Cycling After Osteoarthritis Diagnosis

Cycling is among the best ways to keep fit, but after that osteoarthritis (OA) diagnosis, the biggest question amongst cycling enthusiasts is, should they continue cycling? Well, many assume that cycling is the last thing OA patients should engage in, but this isn’t true.

Is Cycling Bad for Osteoarthritis?

A definite diagnosis of osteoarthritis doesn’t always mean that cyclists should quit cycling. Well, in some cases, where the arthritis is severe, the rheumatologists may suggest stopping cycling. But remember, while there is no osteoarthritis treatment, exercising is among the ways to manage the degenerative joint disorder.

According to the Journal of Rheumatology, cycling is among the physical exercises that have been found to reduce the symptoms of arthritis. In another study, OA patients who exercised by cycling improved their aerobic fitness, lowered their blood pressure, and had fewer tender joints.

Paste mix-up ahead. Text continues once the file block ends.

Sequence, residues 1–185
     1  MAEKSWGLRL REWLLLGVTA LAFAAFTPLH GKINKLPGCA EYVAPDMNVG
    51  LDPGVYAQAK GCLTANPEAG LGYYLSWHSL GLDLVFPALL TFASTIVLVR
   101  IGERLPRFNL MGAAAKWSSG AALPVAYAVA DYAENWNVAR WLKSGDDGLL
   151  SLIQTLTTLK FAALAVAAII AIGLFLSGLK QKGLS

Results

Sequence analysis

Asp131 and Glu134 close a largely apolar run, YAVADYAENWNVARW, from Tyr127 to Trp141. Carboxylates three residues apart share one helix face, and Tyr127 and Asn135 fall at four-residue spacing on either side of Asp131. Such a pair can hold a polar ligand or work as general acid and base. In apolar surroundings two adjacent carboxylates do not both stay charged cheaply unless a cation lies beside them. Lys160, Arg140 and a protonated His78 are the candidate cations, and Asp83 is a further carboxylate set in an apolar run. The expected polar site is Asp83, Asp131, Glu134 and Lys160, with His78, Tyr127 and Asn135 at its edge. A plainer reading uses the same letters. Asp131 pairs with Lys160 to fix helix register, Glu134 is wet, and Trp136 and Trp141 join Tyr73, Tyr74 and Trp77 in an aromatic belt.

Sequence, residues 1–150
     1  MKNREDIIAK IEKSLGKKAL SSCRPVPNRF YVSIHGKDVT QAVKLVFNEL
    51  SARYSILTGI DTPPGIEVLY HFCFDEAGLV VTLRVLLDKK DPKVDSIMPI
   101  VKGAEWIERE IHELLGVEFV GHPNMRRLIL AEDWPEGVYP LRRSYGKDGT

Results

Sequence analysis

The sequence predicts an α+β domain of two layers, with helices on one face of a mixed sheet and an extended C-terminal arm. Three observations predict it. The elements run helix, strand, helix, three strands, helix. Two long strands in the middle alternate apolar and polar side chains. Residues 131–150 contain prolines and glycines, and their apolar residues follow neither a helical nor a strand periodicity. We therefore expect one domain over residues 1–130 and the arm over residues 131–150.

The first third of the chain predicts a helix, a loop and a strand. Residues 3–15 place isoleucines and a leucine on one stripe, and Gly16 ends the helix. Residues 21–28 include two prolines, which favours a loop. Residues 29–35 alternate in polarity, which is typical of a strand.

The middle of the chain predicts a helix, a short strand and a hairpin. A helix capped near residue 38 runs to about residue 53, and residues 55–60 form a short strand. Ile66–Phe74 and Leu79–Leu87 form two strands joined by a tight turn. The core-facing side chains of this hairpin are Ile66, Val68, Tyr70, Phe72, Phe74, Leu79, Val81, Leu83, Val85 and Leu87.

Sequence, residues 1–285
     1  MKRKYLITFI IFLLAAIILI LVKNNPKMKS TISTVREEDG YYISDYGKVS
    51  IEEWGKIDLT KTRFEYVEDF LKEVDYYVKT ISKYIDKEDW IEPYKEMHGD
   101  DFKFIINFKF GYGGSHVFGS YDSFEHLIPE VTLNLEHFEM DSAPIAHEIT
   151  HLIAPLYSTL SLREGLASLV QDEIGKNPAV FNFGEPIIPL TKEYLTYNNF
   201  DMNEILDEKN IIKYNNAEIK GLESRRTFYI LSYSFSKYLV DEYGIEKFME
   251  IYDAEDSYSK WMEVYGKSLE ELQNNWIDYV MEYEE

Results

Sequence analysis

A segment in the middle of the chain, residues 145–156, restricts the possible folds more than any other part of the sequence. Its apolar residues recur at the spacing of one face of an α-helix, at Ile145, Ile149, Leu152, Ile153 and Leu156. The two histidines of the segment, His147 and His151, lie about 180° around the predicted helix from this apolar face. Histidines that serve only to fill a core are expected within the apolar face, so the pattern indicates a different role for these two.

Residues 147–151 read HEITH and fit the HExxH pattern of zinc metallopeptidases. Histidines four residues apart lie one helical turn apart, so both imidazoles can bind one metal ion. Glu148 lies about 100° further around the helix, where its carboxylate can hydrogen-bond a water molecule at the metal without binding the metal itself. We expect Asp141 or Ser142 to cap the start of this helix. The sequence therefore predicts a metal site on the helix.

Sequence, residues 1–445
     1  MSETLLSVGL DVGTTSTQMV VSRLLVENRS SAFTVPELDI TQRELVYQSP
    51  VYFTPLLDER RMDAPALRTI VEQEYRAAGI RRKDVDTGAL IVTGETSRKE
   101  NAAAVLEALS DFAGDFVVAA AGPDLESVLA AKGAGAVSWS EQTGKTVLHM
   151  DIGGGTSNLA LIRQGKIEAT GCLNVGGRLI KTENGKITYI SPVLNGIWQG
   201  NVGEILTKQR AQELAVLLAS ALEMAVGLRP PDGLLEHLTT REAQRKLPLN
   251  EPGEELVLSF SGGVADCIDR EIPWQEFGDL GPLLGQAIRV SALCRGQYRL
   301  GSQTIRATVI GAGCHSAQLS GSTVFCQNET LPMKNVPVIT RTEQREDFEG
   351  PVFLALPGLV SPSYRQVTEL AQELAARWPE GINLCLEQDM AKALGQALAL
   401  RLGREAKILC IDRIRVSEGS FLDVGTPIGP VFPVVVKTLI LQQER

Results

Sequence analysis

How Cycling Benefits OA Patients

One of the ways of managing OA is by shedding weight to reduce the amount of pressure on the joints, and the best way to achieve this is by cycling. Besides weight control, cycling will help strengthen the muscles in the glute and hamstring regions and consequently provide the joints with more support.

The truth of the matter is that cycling is not a bad idea at all for osteoarthritis. In fact, patients should engage in more cycling as long as they do it with the right bicycle. But first, OA patients should seek the opinion of their rheumatologist to find out if they are fit for cycling. When starting, move gently, find the right gear, and start with short rides. Most importantly, feel the body and stop immediately if it starts hurting.